Racial Quotas and the Culture War in Brazilian Academia

Posted in Brazil, Campus Life, Caribbean/Latin America, New Media, Social Science on 2010-08-04 19:10Z by Steven

Racial Quotas and the Culture War in Brazilian Academia

Sociology Compass
Volume 4 Issue 8 (August 2010)
Pages 592 – 604
DOI: 10.1111/j.1751-9020.2010.00295.x

Stanley R. Bailey, Associate Professor of Sociology
University of California, Irvine

Michelle Peria
University of California, Irvine

Dozens of Brazilian universities recently adopted racial quotas for negros, read Afro-Brazilians, in higher education. Anyone familiar with the Brazilian context will recognize this step as a paradigm shift in the state’s approach to ‘race’. State discourse in past decades touted a mixed-race population not beset by overt discriminatory practices. In response to this new approach, two well-defined clusters of professors in Brazil’s universities authored several dueling manifestos supporting and opposing race-based affirmative action. This article suggests a ‘culture war’ framing of the debate and delineates the contrasting historic ideologies of racialism and antiracialism that inform the divergent racial worldviews of each academic camp. It then explores four points of contention from the manifestos that characterize their conflicting perspectives. They differ in terms of (1) their images of the Brazilian nation, (2) their diagnoses of the mechanisms behind non-white underrepresentation in Brazilian universities, (3) their prognoses for a remedy via racial quotas, and (4) their motivations for entering the debate. At the same time, the article locates some possible common ground.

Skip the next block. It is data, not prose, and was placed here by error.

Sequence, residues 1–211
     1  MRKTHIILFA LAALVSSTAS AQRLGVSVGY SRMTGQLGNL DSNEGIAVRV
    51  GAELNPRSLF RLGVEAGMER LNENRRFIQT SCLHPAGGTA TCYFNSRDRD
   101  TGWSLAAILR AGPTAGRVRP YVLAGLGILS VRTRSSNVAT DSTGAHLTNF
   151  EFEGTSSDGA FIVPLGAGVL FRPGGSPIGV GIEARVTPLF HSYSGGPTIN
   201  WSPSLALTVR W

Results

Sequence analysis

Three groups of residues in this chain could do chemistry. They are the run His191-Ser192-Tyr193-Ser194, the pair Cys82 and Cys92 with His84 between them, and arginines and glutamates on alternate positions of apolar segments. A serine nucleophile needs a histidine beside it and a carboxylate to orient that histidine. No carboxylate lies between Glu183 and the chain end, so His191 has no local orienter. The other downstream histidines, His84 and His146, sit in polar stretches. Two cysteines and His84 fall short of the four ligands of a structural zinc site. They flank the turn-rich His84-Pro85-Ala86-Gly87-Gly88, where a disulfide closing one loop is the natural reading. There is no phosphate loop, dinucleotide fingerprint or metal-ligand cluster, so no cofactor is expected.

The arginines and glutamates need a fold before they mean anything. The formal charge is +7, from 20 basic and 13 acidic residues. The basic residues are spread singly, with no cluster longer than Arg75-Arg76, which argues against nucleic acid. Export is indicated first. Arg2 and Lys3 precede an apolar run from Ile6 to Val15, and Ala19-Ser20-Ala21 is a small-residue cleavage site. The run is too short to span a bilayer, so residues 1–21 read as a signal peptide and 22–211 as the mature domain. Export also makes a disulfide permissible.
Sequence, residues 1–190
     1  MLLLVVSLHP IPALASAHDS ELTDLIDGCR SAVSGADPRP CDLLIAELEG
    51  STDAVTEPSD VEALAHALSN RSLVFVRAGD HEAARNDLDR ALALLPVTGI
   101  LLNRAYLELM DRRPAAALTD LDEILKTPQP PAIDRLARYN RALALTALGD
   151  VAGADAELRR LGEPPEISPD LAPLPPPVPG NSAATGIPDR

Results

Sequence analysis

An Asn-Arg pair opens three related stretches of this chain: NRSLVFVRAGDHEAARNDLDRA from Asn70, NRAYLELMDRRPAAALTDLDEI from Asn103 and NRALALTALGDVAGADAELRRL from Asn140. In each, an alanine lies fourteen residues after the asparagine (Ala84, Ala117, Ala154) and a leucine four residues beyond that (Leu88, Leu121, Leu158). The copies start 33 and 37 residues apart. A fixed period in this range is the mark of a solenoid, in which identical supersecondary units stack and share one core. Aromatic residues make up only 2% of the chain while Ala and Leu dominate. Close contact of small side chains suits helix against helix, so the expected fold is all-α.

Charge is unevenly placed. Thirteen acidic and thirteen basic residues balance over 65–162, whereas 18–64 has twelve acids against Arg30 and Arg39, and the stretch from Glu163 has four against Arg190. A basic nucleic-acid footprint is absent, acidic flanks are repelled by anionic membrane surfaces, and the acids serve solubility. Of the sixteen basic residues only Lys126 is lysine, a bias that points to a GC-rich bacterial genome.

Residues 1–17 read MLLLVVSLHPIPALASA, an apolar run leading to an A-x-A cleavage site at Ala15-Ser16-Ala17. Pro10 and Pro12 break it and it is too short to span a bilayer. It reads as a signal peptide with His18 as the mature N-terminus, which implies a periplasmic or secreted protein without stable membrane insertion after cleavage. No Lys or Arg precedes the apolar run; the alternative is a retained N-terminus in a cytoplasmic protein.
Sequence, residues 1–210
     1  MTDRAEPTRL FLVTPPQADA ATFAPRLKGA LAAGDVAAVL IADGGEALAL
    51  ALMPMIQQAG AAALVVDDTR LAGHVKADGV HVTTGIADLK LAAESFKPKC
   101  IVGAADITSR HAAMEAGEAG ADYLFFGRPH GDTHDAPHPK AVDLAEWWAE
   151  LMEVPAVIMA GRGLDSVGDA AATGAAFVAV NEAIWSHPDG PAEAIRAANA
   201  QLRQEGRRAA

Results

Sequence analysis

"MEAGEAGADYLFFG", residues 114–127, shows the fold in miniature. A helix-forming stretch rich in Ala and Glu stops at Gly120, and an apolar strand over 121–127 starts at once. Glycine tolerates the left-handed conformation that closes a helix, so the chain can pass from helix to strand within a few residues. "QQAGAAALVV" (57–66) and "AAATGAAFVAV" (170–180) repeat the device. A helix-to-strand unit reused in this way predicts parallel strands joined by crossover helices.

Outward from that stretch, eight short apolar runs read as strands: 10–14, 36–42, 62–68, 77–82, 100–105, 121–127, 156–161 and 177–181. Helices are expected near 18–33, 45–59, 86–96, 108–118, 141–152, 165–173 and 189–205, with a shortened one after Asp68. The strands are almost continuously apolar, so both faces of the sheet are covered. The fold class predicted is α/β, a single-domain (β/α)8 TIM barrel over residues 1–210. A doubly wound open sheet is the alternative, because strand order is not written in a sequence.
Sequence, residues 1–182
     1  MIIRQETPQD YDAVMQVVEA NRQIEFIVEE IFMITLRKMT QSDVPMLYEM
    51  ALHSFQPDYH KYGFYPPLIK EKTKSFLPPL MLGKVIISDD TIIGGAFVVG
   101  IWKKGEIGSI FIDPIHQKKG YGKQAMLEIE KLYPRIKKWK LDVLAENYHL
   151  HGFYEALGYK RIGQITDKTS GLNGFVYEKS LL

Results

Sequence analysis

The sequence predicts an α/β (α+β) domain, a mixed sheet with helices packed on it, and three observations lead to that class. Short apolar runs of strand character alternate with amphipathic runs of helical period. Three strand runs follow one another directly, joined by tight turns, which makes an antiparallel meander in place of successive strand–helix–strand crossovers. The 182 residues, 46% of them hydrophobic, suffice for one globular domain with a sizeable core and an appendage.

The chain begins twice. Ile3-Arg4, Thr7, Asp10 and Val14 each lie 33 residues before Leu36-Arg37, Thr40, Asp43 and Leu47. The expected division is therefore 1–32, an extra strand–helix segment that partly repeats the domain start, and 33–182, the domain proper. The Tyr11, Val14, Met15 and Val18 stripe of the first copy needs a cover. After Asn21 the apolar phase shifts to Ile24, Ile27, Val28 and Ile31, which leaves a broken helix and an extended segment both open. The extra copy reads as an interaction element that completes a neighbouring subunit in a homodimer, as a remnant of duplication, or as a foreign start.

Read or purchase the article here.

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